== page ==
Even if the Canucks re-sign Tyler Toffoli, that doesn’t make Boeser expendable. As we see from the Oilers, quality top-six wingers matter when it comes to getting balanced scoring.
Much like Pfeil and the Flames, however, Willis sees a clear difference between the current Canucks and the 2016-17 Oilers: the Canucks have Quinn Hughes. The Oilers don’t.
“You look at Darnell Nurse, you look at Oscar Klefbom — those are good defencemen. Adam Larsson was a relatively young defenceman and a good one in 2017 as well, those are all good players, but you cannot replace a number one defenceman,” said Willis. “It’s an extremely difficult piece to get.”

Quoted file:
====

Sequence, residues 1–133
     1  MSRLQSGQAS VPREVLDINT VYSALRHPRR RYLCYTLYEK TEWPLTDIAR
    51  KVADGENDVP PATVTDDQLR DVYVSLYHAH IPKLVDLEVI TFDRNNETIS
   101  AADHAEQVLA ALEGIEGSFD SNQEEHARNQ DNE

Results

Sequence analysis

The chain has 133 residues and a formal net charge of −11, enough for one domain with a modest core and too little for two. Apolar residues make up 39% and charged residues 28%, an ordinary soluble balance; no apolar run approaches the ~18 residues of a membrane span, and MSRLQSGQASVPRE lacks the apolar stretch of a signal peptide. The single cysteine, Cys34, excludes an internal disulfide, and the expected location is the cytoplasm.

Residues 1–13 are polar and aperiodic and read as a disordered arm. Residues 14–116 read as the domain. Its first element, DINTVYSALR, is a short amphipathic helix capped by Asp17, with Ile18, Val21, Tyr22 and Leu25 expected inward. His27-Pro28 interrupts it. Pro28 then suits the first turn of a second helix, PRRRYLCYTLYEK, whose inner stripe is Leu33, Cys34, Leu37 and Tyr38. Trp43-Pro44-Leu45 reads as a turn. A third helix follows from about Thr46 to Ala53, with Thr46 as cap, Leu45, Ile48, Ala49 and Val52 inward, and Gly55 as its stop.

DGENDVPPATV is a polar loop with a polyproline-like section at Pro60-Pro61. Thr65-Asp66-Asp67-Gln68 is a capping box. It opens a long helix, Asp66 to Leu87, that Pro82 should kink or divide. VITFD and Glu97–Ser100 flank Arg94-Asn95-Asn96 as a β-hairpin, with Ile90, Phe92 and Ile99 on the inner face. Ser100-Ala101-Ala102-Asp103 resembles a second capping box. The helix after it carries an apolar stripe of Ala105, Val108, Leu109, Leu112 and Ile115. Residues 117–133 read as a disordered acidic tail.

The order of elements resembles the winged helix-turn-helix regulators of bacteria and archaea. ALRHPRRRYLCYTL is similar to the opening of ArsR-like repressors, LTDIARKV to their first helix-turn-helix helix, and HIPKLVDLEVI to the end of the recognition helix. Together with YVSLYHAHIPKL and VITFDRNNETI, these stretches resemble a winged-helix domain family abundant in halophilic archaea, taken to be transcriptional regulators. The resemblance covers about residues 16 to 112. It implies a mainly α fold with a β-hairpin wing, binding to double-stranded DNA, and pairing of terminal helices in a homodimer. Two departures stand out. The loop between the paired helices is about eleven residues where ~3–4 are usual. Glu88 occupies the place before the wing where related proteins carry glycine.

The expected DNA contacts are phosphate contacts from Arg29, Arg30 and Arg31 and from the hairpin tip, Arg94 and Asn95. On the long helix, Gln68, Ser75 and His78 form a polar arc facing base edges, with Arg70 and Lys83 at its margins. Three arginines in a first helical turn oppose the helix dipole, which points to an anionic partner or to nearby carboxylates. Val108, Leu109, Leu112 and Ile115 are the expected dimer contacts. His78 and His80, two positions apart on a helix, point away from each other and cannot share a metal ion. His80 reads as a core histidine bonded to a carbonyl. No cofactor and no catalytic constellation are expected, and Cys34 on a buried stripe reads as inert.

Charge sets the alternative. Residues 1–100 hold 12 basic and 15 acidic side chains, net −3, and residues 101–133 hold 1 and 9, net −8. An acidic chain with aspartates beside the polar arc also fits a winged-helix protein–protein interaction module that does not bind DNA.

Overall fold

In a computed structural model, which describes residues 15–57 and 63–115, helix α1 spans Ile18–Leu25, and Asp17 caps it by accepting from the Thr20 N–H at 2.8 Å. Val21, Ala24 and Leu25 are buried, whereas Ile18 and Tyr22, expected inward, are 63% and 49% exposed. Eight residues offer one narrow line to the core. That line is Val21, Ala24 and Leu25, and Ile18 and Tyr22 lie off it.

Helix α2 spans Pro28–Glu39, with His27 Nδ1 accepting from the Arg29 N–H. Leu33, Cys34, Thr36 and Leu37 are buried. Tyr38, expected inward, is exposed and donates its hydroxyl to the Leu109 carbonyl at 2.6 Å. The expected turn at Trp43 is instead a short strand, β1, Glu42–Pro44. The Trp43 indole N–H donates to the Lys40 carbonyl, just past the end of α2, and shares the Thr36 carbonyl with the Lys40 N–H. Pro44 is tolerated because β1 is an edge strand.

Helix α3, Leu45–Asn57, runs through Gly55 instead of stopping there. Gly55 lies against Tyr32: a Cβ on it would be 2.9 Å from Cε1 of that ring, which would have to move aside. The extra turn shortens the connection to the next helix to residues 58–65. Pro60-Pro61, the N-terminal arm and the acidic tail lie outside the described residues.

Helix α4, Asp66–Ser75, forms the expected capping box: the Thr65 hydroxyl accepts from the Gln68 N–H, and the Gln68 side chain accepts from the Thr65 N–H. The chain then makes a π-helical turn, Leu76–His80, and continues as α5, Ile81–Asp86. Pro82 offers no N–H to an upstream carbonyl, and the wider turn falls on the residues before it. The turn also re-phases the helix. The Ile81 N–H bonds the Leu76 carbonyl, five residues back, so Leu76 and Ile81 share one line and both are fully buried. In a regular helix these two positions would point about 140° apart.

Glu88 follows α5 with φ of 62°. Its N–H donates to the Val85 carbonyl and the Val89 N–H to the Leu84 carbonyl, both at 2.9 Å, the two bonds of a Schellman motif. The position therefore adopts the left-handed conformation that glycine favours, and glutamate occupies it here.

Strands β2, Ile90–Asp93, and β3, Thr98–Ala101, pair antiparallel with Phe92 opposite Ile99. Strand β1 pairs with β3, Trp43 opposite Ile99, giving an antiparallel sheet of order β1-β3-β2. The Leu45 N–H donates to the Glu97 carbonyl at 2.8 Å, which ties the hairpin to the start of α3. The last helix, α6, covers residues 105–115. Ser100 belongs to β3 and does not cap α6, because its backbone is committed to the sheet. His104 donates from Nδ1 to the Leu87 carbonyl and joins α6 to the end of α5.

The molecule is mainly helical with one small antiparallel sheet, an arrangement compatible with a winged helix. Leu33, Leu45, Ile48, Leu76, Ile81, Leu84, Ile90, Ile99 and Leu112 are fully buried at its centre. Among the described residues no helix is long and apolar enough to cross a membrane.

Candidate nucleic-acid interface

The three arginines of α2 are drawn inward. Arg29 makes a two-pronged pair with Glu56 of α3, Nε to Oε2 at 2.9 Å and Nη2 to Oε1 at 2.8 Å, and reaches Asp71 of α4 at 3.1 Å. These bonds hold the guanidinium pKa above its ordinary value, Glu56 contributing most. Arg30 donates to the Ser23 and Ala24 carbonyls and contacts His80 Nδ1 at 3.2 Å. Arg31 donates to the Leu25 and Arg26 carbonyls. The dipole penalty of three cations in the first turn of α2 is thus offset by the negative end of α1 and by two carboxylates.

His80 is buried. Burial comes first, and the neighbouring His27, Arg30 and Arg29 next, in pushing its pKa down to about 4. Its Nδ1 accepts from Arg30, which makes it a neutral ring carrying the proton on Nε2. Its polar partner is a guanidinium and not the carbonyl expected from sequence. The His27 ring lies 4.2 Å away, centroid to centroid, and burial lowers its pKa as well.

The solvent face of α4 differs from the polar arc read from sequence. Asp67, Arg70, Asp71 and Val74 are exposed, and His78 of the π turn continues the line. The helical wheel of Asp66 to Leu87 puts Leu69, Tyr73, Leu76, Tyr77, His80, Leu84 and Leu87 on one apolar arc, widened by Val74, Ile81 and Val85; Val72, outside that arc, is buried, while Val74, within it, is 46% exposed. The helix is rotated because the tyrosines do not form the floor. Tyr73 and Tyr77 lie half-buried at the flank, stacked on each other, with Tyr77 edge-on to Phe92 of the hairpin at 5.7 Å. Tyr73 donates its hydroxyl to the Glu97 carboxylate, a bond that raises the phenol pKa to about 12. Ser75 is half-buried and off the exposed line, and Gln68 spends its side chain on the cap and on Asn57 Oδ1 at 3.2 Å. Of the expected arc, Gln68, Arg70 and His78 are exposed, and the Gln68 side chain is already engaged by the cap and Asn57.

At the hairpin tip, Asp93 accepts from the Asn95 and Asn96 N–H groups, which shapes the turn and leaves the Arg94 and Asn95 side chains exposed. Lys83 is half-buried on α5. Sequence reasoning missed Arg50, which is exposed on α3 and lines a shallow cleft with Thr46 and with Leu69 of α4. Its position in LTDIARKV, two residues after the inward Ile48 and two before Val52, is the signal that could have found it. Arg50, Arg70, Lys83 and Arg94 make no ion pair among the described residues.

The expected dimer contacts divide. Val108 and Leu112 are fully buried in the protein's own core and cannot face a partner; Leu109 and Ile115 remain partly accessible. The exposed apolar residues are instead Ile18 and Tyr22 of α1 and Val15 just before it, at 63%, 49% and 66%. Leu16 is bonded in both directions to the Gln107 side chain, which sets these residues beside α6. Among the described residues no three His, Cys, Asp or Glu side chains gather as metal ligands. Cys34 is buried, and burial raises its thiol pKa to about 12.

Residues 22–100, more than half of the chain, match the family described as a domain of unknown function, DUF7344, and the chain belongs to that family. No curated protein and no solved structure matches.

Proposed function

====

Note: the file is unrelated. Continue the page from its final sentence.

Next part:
While the 2014-15 Flames and 2016-17 Oilers share some similarities, the reasons why each team disappointed in subsequent years are very different.
The Flames made some good moves in the offseason, but they failed to properly address their faults from the previous season that had been masked by unsustainable shooting percentages and third-period comebacks. The systemic flaws from their style of play and coaching were their downfall.
The Oilers, on the other hand, were the authors of their own demise, doubling down on a player with a questionable impact in Russell, and trading away their best winger in Eberle. They also inadequately prepared for potential regression from their goaltender, trusting in an unproven young backup and a journeyman veteran behind their starter.